On May 21st, 2015, six women in California had our very first Gita class via Zoom, an online meeting space that allows us to be together once a week, signing in from various parts of California on Thursday evening at 6 p.m. Six weeks later, we have finally found our rhythm. Our class is now at 6:15 p.m. to accommodate those of us who have to rush home from work on packed freeways, though sometimes we are caught at work and have to sit in the parking lot, in the car and sign in with our cell phones, to make it in time. There are six steady members, each with a unique perspective on what we read. Those who were shy at first, hesitant to participate and content to just listen, are now emerging with strong opinions and each has something valuable to add to the discussion. Some of us are homemakers, others are engineers, software developers or professors, all of us are mothers, wives, daughters, and sisters.
We have all been raised as Hindus. As such, we accept that life is a journey toward Moksha or liberation. We accept that we achieve that liberation through reincarnating over and over in this world, so that we can learn our lessons, rid ourselves of our flaws, and escape the cycle at last when we have exhausted all our karma and achieved the purity of mind to realize that we are one with God. We accept these things because we believe that faith plays a crucial part in beginning a spiritual journey. Not everything can be proven, some things have to be taken on faith, based on what makes sense to us and what our foundation is. Faith can be challenged, and outlooks may grow or transform, in fact, the Gita says we need to be open to learning. So we begin with this faith and remain open to what we will learn in the days ahead.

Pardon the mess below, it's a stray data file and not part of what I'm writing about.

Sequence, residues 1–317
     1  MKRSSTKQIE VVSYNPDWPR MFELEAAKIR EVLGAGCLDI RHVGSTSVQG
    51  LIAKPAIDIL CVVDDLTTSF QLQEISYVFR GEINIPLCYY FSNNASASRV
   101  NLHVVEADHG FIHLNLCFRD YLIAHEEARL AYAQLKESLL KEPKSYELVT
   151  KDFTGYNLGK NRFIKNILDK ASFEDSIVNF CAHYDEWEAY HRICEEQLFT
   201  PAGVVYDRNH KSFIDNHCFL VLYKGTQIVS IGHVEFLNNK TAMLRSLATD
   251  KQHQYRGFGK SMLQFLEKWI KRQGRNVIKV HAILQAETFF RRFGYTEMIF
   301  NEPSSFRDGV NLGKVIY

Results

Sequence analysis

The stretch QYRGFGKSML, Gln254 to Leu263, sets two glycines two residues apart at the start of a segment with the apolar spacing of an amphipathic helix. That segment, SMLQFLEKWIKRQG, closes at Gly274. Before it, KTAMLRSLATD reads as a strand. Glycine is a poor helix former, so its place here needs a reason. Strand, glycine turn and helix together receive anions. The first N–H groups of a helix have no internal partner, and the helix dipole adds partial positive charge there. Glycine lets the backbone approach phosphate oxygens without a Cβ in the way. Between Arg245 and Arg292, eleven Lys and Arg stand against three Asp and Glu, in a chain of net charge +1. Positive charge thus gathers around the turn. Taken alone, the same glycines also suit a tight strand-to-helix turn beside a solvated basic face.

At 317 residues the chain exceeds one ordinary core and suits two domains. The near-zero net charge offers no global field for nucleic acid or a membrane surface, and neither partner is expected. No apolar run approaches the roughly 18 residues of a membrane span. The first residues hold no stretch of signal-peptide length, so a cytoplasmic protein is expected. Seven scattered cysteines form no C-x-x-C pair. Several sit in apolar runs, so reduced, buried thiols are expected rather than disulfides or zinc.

Some of us want to be done with the endless cycle of birth and death in this very life, and want to go straight to liberation. Others want merely to live a more happy and peaceful life. Some of us are empty nesters, while others are still raising young children. But while our life stages may be different and our immediate goals may be different, what the six of us have in common is the steady desire to figure out how to make our journey easier, less stressful, and more peaceful on a day to day basis.
We are pragmatic Hindus, who understand that life is complicated, that the Gita was written in a distant place and time, and that as women living in the United States in the 21st century we have to understand and apply its teachings to our specific context. While this is a challenging task, it is made easier by the fact that the principles and values laid out in this text are universally applicable, making a guidebook to life written over 5,000 years ago still a valid and powerful roadmap for us in 2015.
I invite you to join us by reading the posts (click the Gita Blog tab at the top of this page), as we study, struggle, stumble and come to our own understanding of how the Bhagavad Gita can help us move forward. I hope that you will contribute to the discussion with your comments on this weekly blog documenting our journey, and that perhaps you will find some of it useful in informing your own. Please click on the follow button and subscribe via email so that you will receive the latest blog entries as they are posted.
Image courtesy Ramnath Bhat (Flickr: Diya necklace) [CC BY 2.0 (http://creativecommons.org/licenses/by/2.0)%5D, via Wikimedia Commons